No guarantees, but if we don't report problems they won't get much of  a chance to be fixed! Details/discussions at link given just above.

 

"Some questions have no answers."[C Baird] "There comes a point where the spoon-feeding has to stop and the independent thinking has to start." [C Lawson] "There are always ways to disagree, without being disagreeable."[E Weddington] "Words represent concepts. Use the wrong words, communicate the wrong concept." [J Morin] "Persistence only goes so far if you set yourself up for failure." [Kartman]

  • 1
  • 2
  • 3
  • 4
  • 5
Total votes: 0

Below is the complete code. As suggested i've changed the uint8_t's to uint16_t's, but gave no change in behaviour.

#define F_CPU 1000000UL /* 8 MHz. Required for delay.h */

#include 
#include 
#include 

ioinit (void)                   
{
	DDRB	= _BV(PB3) ;
	PORTB	= _BV(PB3) ; 
}

void blink (uint16_t n)
{
	uint16_t i;
	for (i=0;i

Johan, by simulator you mean the one from AVR, or simulavr? I guess tomorrow I'll set thing up on my laptop, which has WinXP.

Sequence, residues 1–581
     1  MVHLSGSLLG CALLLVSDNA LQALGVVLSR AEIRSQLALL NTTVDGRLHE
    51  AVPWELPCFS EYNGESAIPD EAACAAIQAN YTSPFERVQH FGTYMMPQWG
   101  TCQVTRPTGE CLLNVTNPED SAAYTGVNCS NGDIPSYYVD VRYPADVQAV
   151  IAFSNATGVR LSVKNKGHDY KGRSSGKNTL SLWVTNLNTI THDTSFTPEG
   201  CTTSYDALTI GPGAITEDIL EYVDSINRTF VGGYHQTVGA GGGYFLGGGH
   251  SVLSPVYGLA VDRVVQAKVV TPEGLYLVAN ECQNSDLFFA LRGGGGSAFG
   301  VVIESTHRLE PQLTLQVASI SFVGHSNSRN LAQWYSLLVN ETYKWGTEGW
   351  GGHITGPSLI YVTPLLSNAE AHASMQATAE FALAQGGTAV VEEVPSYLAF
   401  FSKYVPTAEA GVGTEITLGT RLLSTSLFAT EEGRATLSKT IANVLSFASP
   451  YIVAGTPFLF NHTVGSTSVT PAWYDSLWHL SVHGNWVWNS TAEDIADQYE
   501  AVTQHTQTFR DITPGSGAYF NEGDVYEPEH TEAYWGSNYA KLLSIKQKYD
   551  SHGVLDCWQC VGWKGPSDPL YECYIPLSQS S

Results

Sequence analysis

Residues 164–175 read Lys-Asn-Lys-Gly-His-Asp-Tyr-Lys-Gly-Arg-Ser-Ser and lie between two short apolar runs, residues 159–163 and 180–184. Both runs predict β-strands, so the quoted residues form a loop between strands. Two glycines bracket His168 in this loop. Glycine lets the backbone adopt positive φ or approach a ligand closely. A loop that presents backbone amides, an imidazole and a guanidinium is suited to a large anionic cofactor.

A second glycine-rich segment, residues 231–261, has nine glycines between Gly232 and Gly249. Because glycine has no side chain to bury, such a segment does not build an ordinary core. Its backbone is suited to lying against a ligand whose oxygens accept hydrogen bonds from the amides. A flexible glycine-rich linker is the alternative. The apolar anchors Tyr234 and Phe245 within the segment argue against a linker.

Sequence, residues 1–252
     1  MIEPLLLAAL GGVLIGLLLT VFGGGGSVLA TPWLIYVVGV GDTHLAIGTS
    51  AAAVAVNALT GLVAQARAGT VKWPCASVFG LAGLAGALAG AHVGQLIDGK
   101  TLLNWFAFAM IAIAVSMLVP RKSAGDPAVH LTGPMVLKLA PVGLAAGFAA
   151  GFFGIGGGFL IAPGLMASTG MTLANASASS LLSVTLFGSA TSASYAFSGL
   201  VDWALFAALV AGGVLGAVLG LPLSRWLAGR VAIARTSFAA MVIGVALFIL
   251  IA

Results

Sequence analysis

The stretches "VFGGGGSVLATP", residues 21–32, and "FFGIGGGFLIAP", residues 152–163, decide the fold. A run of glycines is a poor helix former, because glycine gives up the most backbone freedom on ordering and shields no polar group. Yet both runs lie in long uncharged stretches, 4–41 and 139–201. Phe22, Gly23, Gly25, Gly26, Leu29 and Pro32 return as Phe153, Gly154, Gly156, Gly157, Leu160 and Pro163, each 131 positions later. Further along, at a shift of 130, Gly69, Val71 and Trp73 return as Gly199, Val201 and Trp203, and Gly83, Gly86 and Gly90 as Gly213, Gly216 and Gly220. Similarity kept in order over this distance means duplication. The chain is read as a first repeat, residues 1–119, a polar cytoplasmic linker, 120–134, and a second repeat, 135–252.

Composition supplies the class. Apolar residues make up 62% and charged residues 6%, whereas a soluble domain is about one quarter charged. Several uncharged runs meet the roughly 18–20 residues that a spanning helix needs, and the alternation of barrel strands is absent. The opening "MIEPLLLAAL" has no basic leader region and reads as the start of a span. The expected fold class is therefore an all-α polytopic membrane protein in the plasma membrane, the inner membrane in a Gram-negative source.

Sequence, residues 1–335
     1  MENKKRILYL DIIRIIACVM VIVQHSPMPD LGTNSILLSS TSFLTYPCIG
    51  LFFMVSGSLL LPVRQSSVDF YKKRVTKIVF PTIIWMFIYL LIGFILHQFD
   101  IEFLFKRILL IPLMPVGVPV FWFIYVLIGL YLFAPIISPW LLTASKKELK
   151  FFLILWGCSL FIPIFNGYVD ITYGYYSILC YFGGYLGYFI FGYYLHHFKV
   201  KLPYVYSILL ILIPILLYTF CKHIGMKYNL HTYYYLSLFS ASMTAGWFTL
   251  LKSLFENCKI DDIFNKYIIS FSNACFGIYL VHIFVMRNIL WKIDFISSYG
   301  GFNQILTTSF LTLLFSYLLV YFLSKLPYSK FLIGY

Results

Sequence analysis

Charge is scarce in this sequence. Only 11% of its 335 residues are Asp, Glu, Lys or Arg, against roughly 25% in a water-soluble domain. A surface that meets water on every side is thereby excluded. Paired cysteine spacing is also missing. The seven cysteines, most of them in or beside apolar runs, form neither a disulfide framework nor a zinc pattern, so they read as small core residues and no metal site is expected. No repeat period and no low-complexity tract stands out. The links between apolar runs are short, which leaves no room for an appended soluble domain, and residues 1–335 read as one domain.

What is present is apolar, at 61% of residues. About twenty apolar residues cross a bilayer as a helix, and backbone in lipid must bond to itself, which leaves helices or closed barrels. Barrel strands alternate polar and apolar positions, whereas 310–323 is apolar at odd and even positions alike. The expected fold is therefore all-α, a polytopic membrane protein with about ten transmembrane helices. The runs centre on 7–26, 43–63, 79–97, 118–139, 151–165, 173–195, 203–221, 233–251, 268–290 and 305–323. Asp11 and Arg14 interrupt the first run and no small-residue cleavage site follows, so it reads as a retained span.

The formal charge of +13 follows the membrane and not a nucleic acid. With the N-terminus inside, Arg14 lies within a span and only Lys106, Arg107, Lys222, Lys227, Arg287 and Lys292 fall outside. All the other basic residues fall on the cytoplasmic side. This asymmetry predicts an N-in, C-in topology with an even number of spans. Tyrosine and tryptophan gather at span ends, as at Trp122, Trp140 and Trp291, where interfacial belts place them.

Thanks,
Leon

  • 1
  • 2
  • 3
  • 4
  • 5
Total votes: 0

With the Simulator and avr-gcc 20081205 and -Os optimisation, everything is put as inline code, and virtually impossible to trace.

With -O0, it traces fine and you get the correct value of blinks.

In real life with an 8MHz Mega32, it blinks the correct number of times.

I can only suggest that you have some other problem such as a corrupted compiler.

David.

  • 1
  • 2
  • 3
  • 4
  • 5
Total votes: 0

So it was a newbee problem after all:
David mentioned the -O0 optimization option, which i tried and resulted in 12 blinks for both functions for 3 or 4 chars. To me very strange but it led me on. Then i tried the -Os option and, tada, it works exactly the way it should!! :-D

I only once, when i was trying to understand the makefile, bothered to look into the optimization options. I remember I searched the web, got no conclusive answers and tried a few options. The -O seemed to work just fine and got stuck with it.
Now I just did some more googling, and discovered that the preferred option is indeed "-Os" or even "-Os -mcall-prologues". But in any case level 2 or higher.

So I apologize (bankers: look it's not so difficult ;-) ) for getting you on the wrong foot, and thanks again for the time you've put in to test the code. I really appreciate that!